And this is my grey holiday, or today's portion at least. I wonder if I should start championing the 'holi-grey' or if I should keep it to myself, lest other tourists start appearing in the supposed off-season. Yes, this will be our little secret. Do not tell anyone!

Mister Rhys Mystery, Case #10: Nessie

There is a word that the liberal left like to overuse when talking about legendary but shy beasts, and it is this: cryptid. It's a derogatory term that basically means 'imaginary animal', and is lazily applied to a multitude of unexplained biological wonders, for which conventional science has found no 'proof'. Bigfoot is one such 'cryptid' and the Loch Ness Monster, aka Nessie, is another.

Nessie is undoubtedly one of the most famous of these cryptids and dates back to the 7th century, where there reports of a 'monster' on the prowl in Loch Ness. These reports were, clearly, heavily embellished, and the term word 'monster' is a woefully inaccurate description, given what we know of Nessie's kind-hearted temperament. She is a gentle, loving beast who, it is posited by me some, may well be a fallen angel with healing tears and a sword of light. Admittedly, she has never been photographed wielding a sword of light, but there is some argument for the fact that anything composed entirely of light might not come out in a photograph.

But I digress (and will stick to the facts).

Nessie was dubbed the Loch Ness Monster (LNM) in 1933, a time of peace, between two world wars, and she was seen out of the water, crossing a road. She was also blamed for someone else falling off a motorbike, but this is a great, dirty lie. She was photographed for the first time in 1934 and, I think you'll agree, she is magnificent. In 1938, some bright spark decided to go on a Nessie hunt with a great big harpoon gun. She was then not seen again until the 50s. Coincidence? (Trick question; there is no such thing!)

When they did manage to find her in 1954, it was with sonar technology. This is when a boat makes sounds and... yes, well this leads to knowing what is in the water! It proved inconclusively that there was something moving under the boat and that this was, almost definitely Nessie. That this experiment has not been replicated to this day, despite great advances in technology, is clearly a case of Nessie's introverted nature at play. She has shown us once that she is with us, and that is enough.

In 2003, the BBC supposedly debunked the supposed myth of the 'supposed' Loch Ness Monster, by doing lots of scans of the loch with lots of sonar and... other things... that would be able to find something the size of a small buoy. They found nothing and the scientists, who had nothing better to do apparently, proved that there was no such thing as an LNM.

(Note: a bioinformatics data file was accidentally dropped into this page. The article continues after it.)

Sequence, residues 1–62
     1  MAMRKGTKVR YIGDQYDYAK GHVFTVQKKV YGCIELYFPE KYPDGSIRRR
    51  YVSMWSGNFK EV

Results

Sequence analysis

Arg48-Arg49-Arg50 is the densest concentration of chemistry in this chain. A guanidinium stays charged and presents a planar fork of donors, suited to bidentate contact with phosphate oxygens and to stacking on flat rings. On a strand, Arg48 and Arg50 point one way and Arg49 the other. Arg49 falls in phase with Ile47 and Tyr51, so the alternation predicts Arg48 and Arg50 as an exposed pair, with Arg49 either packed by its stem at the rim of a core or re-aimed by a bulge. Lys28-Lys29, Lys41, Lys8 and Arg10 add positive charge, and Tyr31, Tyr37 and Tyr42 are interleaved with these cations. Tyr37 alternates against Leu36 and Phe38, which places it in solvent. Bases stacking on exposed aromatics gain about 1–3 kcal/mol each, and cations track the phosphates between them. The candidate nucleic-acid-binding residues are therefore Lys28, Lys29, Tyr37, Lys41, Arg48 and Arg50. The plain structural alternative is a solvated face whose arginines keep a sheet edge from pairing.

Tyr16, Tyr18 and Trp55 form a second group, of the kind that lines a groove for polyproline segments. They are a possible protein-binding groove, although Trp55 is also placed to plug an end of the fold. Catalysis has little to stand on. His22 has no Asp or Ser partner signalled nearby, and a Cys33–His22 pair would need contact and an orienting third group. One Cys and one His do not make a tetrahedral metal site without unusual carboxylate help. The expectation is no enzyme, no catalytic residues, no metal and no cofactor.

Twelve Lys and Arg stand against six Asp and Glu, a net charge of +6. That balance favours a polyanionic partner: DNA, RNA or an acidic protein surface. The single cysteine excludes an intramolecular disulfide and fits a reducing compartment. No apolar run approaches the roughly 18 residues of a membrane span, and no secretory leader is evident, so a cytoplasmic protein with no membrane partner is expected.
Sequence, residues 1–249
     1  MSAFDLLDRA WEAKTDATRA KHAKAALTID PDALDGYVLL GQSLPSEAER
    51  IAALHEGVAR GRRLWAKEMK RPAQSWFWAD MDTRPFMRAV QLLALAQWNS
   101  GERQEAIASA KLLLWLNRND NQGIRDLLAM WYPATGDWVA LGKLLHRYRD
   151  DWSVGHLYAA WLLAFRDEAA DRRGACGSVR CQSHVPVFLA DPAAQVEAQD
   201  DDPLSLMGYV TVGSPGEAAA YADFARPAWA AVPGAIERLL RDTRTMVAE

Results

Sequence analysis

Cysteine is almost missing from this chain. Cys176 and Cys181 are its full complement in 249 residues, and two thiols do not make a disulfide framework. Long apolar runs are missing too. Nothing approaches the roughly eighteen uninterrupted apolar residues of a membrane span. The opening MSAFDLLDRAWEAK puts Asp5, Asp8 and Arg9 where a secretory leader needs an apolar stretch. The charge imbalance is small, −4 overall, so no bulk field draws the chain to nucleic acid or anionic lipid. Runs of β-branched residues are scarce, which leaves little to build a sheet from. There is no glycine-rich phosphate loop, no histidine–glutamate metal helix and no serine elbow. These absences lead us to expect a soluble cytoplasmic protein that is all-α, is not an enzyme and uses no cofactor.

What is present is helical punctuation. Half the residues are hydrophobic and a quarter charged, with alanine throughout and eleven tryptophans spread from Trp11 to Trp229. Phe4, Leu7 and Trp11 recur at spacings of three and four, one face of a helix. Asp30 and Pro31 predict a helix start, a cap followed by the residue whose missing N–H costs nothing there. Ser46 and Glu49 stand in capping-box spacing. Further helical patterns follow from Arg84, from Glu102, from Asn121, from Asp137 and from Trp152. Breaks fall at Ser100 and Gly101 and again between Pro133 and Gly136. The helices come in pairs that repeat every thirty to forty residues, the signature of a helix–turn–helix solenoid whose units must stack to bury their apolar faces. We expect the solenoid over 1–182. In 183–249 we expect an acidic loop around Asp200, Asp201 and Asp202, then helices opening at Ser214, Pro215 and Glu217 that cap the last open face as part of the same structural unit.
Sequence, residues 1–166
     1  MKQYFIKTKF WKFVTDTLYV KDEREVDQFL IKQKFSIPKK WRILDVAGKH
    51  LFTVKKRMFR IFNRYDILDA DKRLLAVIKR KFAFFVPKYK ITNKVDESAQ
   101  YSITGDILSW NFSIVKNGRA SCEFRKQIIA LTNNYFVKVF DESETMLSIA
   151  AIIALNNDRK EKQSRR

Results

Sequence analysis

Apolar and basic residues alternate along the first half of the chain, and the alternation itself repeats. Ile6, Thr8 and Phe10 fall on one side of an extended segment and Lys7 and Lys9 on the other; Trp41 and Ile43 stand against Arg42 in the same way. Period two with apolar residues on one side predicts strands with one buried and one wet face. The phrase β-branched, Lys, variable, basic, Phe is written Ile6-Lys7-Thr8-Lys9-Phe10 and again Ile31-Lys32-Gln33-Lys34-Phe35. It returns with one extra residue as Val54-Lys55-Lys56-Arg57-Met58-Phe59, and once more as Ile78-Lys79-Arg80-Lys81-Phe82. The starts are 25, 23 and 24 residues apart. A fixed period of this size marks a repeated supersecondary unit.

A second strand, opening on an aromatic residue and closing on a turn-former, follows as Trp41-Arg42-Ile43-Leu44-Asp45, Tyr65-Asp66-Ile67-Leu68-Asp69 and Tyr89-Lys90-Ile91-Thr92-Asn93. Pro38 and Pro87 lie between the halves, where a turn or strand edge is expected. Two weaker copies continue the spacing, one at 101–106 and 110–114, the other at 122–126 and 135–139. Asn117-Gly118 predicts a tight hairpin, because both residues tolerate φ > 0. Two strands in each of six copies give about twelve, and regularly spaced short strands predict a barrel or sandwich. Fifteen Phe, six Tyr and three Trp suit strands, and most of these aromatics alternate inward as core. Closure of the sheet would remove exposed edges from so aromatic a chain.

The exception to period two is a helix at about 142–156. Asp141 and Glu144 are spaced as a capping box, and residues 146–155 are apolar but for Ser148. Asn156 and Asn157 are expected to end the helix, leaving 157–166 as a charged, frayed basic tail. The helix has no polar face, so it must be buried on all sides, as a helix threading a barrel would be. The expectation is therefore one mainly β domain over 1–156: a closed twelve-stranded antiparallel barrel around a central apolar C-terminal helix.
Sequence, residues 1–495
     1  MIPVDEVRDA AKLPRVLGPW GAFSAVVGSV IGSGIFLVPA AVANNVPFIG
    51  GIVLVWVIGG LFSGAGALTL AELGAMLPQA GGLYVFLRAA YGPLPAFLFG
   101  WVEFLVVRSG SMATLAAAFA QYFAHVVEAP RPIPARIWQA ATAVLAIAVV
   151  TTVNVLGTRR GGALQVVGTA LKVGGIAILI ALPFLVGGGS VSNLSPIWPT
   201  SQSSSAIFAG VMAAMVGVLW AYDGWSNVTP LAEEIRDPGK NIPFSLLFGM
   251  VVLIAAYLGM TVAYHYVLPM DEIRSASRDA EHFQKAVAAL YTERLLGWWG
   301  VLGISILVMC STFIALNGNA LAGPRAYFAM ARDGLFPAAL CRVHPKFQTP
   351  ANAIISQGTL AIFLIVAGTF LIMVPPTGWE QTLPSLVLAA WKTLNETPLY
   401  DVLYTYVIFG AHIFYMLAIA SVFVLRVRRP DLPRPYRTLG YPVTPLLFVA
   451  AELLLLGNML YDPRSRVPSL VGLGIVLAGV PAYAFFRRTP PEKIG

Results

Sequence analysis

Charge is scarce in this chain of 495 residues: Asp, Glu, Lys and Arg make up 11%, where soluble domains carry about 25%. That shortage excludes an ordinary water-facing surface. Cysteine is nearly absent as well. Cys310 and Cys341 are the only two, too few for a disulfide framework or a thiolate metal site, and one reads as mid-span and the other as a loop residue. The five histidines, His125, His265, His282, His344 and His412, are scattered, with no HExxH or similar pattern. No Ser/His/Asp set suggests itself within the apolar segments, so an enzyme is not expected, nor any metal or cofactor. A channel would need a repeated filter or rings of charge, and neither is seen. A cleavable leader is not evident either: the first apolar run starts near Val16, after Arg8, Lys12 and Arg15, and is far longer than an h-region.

If you believe, like some, that Nessie has a great big light sword, and is a fallen angel with healing tears, do you think that a little bit of sonar or radar or what-have-you couldn't be fooled? I'm not entirely sure of the logistics but then I'm not a divine being. I imagine that a simple bit of sword swirling is involved and then the sonar noises go back to the boats saying something along the lines of 'there's just normal water here, boss'. (If that's how sonar works, I don't know; I clearly have better things to do than learn science.)

She's out there, no matter what the television people say, you mark my words. And she will rise from that loch, oh yes, she will rise! not sure what she's going to do then, but, well, she does have that sword...


Monday, 19 September 2011

Writing Novels and Things #11: Taking inspiration

There are certain things about writing that I find relatively easy, that others find difficult, stuff like starting projects, finding a voice, sending my stuff off to be rejected, sitting down and doing writing, stuff like that. Then there are the things that others seem to have a surfeit of, that are seemingly essential to the creative process, that I lack. One of these things is ideas.

(I am quelling the desire to justify this, so that you don't think I have nothing to say and/or shouldn't be working in a creative field. Have I also just given too much away, admitting as I have that I care what you think? As this paragraph is bracketed, I would prefer if you never mentioned having read this. Thanks!)

If I sit there at my computer and think, 'OK, let's find something for my characters to do,' I will freeze, entirely. My characters will do nothing. They'll sit around an office, or a coffee shop, or a living room, wittily, insightfully, charmingly, gazing into their navels and remarking on the world around them (and this world will, probably, be quite a lot like mine). This kind of fiction is rarely of interest to people who read things. Honestly.

So, I have learned that, for me, I must come to the empty Word document with a hook or concept, lest I write yet another moody coming-of-age tale where nothing happens (which I love, by the way, and will never stop writing). You come up with these concepts by having things called ideas. These can be found all around, and when you get these ideas from around you, it is said that you are drawing inspiration.

Mur Lafferty wrote a good little blog post about ideas and generating them. Essentially, ideas are like a magic penny, hold it tight and you wont have any, but spend it, lend it, and you'll have so many that they'll roll all over the floor. Yes, I just stole those lyrics from a song about God, but I think it works in this regard too. Basically, you're supposed to use all your ideas all the time, and don't save them up for later. You'll think of new ones. Getting the old ones out of your head and onto the page will actually clear room for new ones. This is, I think, Science.